First fixture 21 includes a fluid supply needle 26 extending from a mounting boss 27 rotationally mounted to fixture 21. A rotation wheel 28 fixed to boss 27 allows for manual rotation of fluid needle 26 and boss 27. One end of blood vessel 10 is inserted over fluid supply needle 26 and is secured thereto by tying a suture 29 over the end of blood vessel 10 and tightening.
Second fixture 22 has a clamp 30 rotationally mounted thereon together with a rotation wheel 31. Clamp 30 has a pair of jaws 32 and 33 for grasping the end of blood vessel 10. With the first end of blood vessel 10 secured to needle 26, the distance between fixtures is adjusted (if need be) to a distance at which there is sufficient slack in vessel 10 to secure it to clamp 30. After attaching both ends of blood vessel 10, the length of base 20 is adjusted outward in order to provide a predetermined distance between fixtures 21 and 22 so that blood vessel 10 is held under a desired, gentle tension. With blood vessel 10 suspended between fixtures 21 and 22, each branch stub can be conveniently tied off or clipped by a single user. Blood vessel 10 can easily be reoriented by rotating it so that a desired branch stub is facing the user by moving rotation wheels 28 and 31 together. An additional manual clamp 34 may be attached to a branch stub during ligation to pull it perpendicularly away from the main vessel in order to make suturing easier.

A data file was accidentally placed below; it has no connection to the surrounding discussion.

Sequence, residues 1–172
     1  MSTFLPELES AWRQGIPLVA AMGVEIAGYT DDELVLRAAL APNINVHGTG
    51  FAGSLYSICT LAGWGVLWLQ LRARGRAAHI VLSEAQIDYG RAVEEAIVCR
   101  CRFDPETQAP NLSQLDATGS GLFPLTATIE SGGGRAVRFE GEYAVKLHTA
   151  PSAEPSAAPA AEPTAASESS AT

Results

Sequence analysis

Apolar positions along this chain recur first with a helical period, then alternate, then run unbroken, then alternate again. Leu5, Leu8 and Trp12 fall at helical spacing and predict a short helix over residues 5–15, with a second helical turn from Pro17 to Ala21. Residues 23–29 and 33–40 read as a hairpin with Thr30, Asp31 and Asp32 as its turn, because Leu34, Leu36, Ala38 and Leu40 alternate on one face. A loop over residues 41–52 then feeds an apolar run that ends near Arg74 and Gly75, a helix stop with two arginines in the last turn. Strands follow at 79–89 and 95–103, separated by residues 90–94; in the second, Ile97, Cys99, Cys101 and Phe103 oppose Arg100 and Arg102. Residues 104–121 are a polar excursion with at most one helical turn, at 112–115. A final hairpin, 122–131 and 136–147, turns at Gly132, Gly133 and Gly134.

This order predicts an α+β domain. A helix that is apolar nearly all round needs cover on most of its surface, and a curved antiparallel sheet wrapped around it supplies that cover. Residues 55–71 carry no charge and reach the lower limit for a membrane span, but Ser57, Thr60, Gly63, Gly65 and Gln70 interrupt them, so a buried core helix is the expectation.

Boss 27 and fluid supply needle 26 include a hollow passage coupled to a feed line 35 running from a syringe 36 mounted to base 20. Thus, saline solution from syringe 36 can be coupled through feed line 35, boss 27, and needle 26 to the interior of blood vessel 10. Saline solution or other fluid may be introduced into blood vessel 10 to gradually distend it along its length to each branch stub 36 for easier ligating of the branch stubs. In addition, fluid from feed line 35 is introduced into blood vessel 10 after completing all ligations in order to test them for leaks. In order to ensure that excessive pressures that may otherwise damage blood vessel 10 are not inadvertently introduced, a pressure gauge 37 is connected to feed line 35 allowing the user to monitor pressure being applied to the vessel and to maintain it at a safe level below a known threshold. Pressure gauge 37 is preferably adapted to be connected to an alarm generator (not shown) that compares the pressure with a threshold and produces an audible or visual alarm if the threshold is exceeded. The alarm generator may include a memory for storing pressure data for subsequent analysis.